I have put in here:

**Pythagoras**’ theorem, but I would connect that to the several pages on Squares within Numeracy

**Bearings**, two pages, included here becasue when teaching a Y11 class it seemed to me that this very simple topic was thoroughly misunderstood, such that the errors must have come from earlier in school.

**Sketching**, two pages, coupled also with a similar page in the Sixth form (Topics collection).

Geometry as a drawing skill was something I taught persistently. I say persistently becasue most of the kids thought I was barking mad to attempt to teach the skills that can be achieved with straight edge and compasses. Since I cannot easily draw these, I refer you to sites linked at the foot of this page, but I specifically taught:

• Fundamentally, how to use a ruler as a straight edge, how to read a protractor, how to draw a specific length or angle with reliable precision.

• Bisection of a line

• Bisection of an angle

• Construction of angles of 60º and 90º. With angle bisection, a range of other angles can be constructed [and, since subsequent constructions rely upon earlier precision, the errors tend to multiply, showing the students that the precision needs to be high].

• Construction of a right angle both at the end of a line and from a point to a line.

Combining these skills, several cases can be repeated until the level of precision reaches the desired standard:

• Construct a right angle triangle of specified size. Measure teh hypotenuse and opne angle. Check this against calculated values (which may not have been taught, so teacher has a temporary advantage)

• Construction of the several centres of a triangle from (i) bisecting angles (ii) bisecting sides (iii) joining medians (iv) intersecting altitudes. 3 of these 4 centres lie on a line (named after Euclid?) and a cumulative skill homework would be to identify which is the exception.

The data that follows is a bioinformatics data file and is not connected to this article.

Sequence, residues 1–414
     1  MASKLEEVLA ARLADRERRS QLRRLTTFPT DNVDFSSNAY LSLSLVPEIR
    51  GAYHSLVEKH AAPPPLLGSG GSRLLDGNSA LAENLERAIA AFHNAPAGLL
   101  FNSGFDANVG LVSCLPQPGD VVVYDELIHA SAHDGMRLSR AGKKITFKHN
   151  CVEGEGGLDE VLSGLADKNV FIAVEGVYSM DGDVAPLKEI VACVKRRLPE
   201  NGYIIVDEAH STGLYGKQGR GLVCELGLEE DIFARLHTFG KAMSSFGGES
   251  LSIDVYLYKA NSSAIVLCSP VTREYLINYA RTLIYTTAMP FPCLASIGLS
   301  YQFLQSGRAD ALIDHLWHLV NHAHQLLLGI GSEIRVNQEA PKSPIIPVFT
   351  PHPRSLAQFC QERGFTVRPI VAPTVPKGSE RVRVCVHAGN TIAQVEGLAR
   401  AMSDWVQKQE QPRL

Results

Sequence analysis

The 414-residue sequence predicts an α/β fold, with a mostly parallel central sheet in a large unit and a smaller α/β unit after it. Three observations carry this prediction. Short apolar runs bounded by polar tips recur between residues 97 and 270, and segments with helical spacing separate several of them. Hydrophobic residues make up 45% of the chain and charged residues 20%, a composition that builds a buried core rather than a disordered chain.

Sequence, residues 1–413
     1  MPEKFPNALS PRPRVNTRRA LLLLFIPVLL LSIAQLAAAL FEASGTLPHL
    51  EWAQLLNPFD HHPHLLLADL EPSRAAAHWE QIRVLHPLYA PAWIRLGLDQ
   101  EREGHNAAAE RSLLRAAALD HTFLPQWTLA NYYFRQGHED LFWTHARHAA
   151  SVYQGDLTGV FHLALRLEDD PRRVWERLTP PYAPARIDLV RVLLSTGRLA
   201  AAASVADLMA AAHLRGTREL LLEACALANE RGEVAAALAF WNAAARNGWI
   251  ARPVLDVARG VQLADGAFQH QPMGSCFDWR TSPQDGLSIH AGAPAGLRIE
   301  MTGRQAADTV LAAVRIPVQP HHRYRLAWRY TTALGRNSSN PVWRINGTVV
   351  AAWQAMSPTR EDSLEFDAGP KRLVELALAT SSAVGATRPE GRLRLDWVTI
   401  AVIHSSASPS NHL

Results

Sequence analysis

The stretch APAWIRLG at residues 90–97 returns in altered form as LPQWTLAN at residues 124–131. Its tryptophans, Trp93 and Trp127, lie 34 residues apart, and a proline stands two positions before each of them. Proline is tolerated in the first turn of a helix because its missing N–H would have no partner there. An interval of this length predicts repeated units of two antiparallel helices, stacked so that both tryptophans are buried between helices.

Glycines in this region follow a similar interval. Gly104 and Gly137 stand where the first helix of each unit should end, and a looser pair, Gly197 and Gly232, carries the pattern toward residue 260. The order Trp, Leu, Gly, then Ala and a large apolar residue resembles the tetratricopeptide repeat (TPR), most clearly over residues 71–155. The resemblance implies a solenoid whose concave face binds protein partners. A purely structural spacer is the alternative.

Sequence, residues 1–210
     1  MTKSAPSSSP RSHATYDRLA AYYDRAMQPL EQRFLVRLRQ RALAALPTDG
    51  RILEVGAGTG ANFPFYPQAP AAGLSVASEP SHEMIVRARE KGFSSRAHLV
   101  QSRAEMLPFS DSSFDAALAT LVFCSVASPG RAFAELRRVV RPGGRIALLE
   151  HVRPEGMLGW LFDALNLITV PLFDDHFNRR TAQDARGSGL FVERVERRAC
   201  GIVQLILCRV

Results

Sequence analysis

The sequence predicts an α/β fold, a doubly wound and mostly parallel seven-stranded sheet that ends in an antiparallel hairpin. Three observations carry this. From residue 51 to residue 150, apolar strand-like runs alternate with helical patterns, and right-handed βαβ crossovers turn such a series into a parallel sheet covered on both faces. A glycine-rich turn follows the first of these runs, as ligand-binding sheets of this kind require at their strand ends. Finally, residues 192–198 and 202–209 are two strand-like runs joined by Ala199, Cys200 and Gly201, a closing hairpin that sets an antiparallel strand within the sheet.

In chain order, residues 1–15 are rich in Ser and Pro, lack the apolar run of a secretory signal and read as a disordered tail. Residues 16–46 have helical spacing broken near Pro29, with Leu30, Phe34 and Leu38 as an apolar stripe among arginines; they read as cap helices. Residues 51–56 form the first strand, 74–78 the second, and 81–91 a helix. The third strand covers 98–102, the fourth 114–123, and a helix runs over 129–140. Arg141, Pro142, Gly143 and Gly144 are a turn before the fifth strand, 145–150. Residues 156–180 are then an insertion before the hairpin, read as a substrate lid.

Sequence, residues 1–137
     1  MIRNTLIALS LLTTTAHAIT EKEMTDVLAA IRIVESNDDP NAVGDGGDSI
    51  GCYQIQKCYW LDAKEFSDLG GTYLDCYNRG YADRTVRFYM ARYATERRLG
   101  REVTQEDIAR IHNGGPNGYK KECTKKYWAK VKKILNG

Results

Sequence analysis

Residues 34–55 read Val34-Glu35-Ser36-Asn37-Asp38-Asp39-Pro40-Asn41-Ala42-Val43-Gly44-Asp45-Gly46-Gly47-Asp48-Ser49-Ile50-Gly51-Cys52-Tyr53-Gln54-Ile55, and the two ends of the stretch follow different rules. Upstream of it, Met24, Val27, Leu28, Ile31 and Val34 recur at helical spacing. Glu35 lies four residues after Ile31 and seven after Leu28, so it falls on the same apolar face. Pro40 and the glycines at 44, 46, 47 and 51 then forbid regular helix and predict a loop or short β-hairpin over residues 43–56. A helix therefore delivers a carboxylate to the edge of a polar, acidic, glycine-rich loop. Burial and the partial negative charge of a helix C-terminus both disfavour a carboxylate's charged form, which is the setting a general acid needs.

**Locus** is another topic that follows from this, explored by me towrds the end of the second term. I particulalry enjoyed the practical aspects, such as the path of the bottom edge of an up-and-over garage door, followed by asking the kids to criticise such designs and improve them.[For example, so that the door doesn’t hit the person pulling it up, so that the door doesn’t demand an unecessarily high garage ceiling, or an especially tall operator. Design skills within the maths lesson, overlap of subjects, etc etc - this seemed to be to be valuable, especially in showing maths to be not entirely abstract. Indeed, after a week of work on something particulalry abstract, pushing the abstract to reveal some usefulness always struck me as strongly positive learning. We use that <stuff you thought entirely abstract, boring and unnecessary> for this <thing you reluctantly found yourself interested by>.

Sites that explain and demonstrate construction techniques include BBC Bitesize, Khan Academy, Math Open Reference, Maths Doctor, Universal Class. I simply am not prepared to repeat the work invovlved (any more than I see the point in so doing).

I am well aware that marking at GCSE allows for what I think of as poor precision; as I remember this, measurements to within a millimetre and angles to within 2 degrees. I tried to persuade my classes that they could do very much better, to around 0.2 or 0.25 of a millimetre and to within half a degree. Boys especially tended to persist in using soft blunt pencils; girls tended to have poor poiints ion their compasses (yes that may be sexist but it is what I observed across many years); some of the students rose to the occasion if I made the observation towards the end of the first week; some seemed to want to embrace the stereotype.